Congratulations Archaeology Graduates!
According the traditional Cornell calendar, today should have been Commencement, a time for us to come together to celebrate the accomplishments of 2020’s distinguished class of students who have completed the requirements for the BA (major and minor) and MA degrees. Although our calendars have all been dramatically altered over the last few months, our pride in your academic achievements remains the same. Your Cornell experience has been so much richer than these last few months alone and cannot and should not be defined by crisis. Yet we also recognize the uncertainty of graduating at this unique historical moment. Nevertheless, there is great need for you in the world. Your archaeological point of view has much to offer our time of heightened existential anxiety. And it will be vital to the communities that we build after this moment is past us.
More than most other disciplines, students of archaeology are trained to be keen observers of human crises. The ruins and material remains that are our primary fascination provide powerful testimony to humanity’s prior calamities. As we struggle to face our most recent crisis, I want to call attention to three key skills nurtured by the archaeological training that you take away with you from Cornell. The first is a powerful depth of historical vision. Archaeologists understand how the human story has been fundamentally shaped by crises and our responses to them. It is impossible to imagine telling the story of our species without describing challenges faced and fateful decisions made. Your second skill is an eye attuned to the material world that surrounds and supports human communities. This includes artifacts and sites as well as the plants, animals, and, yes, the bacteria and viruses that constantly move amongst us, whether on the first Neolithic farms or the dense cities the followed the urban revolution. Lastly, archaeology does not simply document the rise and fall of human societies, it perceives the threads of resilience that link these episodes into a single global story. As you well know, there is much to be told on the other side of this crisis, when writers, thinkers, and highly trained archaeological sensibilities will be in great need as our communities search for new ways forward.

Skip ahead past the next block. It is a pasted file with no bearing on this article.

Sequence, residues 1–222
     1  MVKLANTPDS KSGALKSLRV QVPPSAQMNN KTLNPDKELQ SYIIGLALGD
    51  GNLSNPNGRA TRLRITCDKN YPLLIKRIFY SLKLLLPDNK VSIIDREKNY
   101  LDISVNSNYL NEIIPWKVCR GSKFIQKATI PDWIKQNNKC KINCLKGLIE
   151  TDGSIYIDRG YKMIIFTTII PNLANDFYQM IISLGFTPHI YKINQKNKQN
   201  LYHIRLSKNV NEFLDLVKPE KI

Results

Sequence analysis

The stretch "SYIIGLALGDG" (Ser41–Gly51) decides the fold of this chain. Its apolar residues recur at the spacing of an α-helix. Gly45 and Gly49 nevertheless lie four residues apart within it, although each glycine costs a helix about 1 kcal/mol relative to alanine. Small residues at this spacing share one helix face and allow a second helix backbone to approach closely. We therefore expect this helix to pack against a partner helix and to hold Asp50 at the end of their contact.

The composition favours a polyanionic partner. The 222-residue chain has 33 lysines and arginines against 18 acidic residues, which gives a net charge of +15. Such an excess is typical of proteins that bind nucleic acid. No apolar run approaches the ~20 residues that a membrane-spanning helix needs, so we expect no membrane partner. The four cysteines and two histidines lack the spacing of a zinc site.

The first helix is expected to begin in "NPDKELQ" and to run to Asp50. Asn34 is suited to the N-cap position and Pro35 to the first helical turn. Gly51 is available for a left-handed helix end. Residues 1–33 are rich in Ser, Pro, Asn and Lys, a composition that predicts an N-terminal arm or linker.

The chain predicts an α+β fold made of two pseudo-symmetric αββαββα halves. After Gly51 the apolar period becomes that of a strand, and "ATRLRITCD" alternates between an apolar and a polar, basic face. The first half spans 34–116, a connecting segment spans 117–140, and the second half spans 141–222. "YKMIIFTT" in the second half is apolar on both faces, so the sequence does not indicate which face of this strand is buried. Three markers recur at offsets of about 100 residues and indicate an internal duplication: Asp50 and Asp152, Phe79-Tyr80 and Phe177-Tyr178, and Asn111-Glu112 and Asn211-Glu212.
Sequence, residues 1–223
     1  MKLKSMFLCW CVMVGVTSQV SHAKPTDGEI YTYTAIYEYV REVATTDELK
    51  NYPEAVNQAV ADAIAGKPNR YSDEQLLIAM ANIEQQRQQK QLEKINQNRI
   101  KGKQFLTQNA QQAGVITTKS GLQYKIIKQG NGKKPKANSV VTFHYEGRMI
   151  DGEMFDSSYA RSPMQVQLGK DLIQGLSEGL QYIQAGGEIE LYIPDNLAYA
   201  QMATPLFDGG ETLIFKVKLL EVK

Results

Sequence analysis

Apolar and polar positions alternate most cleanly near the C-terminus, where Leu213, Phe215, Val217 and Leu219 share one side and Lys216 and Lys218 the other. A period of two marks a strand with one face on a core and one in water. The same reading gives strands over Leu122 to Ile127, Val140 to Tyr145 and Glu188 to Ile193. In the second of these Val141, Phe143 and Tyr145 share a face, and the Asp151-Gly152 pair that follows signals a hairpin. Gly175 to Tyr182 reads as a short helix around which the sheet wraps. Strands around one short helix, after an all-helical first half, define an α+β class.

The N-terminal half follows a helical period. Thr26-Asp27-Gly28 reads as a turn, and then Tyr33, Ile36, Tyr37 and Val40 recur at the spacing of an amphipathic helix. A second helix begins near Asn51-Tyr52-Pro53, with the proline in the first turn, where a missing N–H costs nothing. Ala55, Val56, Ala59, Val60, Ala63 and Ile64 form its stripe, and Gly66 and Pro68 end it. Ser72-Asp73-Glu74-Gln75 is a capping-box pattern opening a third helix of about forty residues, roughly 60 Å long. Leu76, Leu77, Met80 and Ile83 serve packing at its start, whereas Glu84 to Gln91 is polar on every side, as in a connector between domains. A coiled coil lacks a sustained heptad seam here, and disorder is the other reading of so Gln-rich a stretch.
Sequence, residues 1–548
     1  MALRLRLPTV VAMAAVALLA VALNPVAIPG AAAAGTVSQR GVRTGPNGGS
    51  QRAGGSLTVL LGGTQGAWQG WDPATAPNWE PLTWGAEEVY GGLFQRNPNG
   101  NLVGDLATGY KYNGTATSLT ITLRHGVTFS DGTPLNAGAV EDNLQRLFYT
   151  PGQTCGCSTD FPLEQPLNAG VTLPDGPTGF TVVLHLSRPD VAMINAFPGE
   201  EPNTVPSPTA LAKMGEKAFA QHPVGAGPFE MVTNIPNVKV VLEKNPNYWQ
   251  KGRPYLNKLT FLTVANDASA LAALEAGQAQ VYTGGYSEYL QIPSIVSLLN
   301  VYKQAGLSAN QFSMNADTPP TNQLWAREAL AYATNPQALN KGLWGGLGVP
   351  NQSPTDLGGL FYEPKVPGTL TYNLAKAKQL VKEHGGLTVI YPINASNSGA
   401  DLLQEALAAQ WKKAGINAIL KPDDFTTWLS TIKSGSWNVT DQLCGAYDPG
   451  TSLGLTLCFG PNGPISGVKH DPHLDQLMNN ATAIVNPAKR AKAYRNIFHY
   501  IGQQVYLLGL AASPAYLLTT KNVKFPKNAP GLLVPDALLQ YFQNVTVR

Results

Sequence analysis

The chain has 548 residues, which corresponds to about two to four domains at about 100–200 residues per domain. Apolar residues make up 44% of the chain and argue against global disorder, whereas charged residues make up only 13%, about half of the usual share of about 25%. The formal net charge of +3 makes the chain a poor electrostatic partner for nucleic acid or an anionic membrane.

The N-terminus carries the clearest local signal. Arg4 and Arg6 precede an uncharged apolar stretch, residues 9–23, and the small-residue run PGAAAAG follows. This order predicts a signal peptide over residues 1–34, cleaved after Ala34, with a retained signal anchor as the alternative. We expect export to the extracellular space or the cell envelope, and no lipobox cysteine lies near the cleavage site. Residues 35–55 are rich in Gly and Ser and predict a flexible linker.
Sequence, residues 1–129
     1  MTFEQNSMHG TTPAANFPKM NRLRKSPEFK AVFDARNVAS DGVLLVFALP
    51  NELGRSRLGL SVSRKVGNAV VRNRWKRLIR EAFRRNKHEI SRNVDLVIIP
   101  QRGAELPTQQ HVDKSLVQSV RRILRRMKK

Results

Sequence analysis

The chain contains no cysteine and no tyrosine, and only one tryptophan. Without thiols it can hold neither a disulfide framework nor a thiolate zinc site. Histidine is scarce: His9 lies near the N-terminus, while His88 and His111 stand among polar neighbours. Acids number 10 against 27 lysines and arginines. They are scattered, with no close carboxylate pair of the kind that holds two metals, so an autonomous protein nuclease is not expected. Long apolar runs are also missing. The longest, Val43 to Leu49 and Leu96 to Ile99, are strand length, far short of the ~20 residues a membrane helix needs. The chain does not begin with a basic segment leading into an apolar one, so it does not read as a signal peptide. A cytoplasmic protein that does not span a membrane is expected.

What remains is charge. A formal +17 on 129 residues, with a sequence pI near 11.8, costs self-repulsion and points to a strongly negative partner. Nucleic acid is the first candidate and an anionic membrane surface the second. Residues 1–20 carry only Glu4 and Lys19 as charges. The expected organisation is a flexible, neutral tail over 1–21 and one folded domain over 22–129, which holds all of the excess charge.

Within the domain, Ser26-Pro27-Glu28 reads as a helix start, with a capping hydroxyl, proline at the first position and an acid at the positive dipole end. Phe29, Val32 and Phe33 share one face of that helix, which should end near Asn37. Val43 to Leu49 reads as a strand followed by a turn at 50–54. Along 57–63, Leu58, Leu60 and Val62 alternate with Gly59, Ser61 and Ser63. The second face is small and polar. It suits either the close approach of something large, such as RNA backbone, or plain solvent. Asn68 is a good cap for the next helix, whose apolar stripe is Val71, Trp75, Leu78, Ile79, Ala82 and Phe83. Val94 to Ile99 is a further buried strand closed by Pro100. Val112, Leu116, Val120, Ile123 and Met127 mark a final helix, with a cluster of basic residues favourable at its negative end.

As this year’s degree recipients in archaeology, you have special insight into how today’s crisis and its coming resolution fit into the wider human story. Whatever pathway life, career, and family takes you from here, your archaeological skills will stay with you and shape your sense of the world. We miss sharing this day with you and your families to celebrate. But we look forward to hearing about your journey from here. Stay safe, be well, and please keep in touch.
Adam T. Smith